Life & Culture

Television: Chariots of Fire and the real Harold Abrahams story


It is a theme tune that has almost passed into cliche. As soon as you hear Vangelis’s Chariots of Fire music, it is impossible to stop yourself running in slow motion towards an imaginary tape.

The 1981 Oscar-winning movie is almost certainly the only reason most of us have heard of the names Harold Abrahams and Eric Liddell, who won the 100 metres and 400 metres respectively at the 1924 Paris Olympics.
But what of the real athletes? Nigel Havers, who was one of the stars of the film, set off in search of them in this documentary.

The most fascinating aspect was to see the two men as they really were. There was footage of Abrahams going through his training routines. He looked like a slightly more athletic and slightly less good-looking version of Ben Cross, who played him in the film.

The movie had it that Abrahams was a victim of antisemitism while a student at Cambridge. In reality, he suffered mainly at the hands of a teacher at Repton public school. Yet there is no doubt that Abrahams had a chip on his shoulder — and his self-esteem would not have been helped by the official British Olympic outfit he wore on his way to Paris. The trousers were too short and the jacket comically large. He further noted, in an interview recorded in 1968, that when he won his race, unlike in the film, there was “no victory ceremony, no national anthem and no presentation of medals, which was actually sent on several weeks later by post”.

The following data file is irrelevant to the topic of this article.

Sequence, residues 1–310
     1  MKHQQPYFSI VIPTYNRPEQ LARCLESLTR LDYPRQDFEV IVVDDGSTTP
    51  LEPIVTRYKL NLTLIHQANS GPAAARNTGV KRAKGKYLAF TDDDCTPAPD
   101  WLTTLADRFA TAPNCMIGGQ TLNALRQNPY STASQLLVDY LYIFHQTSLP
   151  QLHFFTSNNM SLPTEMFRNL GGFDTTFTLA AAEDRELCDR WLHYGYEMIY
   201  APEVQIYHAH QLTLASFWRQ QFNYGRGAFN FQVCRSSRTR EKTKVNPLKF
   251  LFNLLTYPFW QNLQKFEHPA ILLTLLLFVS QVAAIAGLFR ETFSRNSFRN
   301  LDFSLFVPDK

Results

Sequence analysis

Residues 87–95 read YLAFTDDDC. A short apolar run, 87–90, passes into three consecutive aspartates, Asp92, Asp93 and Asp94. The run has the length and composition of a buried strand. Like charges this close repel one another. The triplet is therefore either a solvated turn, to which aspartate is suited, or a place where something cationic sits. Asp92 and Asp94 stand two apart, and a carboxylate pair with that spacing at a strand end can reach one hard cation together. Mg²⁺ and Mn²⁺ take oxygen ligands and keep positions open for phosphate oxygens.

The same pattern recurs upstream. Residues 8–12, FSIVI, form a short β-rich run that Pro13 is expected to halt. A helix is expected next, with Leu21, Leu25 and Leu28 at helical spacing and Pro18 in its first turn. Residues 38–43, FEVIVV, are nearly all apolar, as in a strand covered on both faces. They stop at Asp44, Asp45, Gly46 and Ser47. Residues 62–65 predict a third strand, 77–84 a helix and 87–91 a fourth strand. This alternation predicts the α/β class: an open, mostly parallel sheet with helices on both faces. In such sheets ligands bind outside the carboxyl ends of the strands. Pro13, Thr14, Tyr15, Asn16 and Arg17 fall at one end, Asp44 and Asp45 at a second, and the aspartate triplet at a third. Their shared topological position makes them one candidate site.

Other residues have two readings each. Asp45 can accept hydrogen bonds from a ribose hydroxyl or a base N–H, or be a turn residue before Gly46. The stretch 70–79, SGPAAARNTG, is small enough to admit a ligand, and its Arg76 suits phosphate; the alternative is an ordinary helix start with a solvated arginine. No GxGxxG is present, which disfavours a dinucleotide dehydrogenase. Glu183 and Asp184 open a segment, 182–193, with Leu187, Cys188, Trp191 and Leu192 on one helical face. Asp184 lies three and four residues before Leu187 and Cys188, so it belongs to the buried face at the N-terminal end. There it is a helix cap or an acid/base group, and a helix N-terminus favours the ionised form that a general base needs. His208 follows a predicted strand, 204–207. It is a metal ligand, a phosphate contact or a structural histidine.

The Paris Olympics was like a village tea party compared to London 2012. Only 344 athletes from 44 countries showed up. But the footage of Abrahams and Liddell racing was compelling and the performances, for their day, were outstanding. Abrahams, in his autobiography, commented that when he heard the chanting for the American runner Charlie Paddock before his race, he felt the same kind of rejection as when subjected to antisemitism at school, and it had spurred him on.

Havers, who narrated with his customary charm, described how Abrahams went on to be a BBC commentator and controversially covered the 1936 Berlin Olympics much to the dismay of many in the Jewish community. His daughter Sue Pottle revealed that at one stage he had sat very near to Hitler. “I wish I’d shot him,” he said.
Ultimately the programme demonstrated that the film had done a pretty good job of telling the story, but to an athletics nerd like me, it was gripping.

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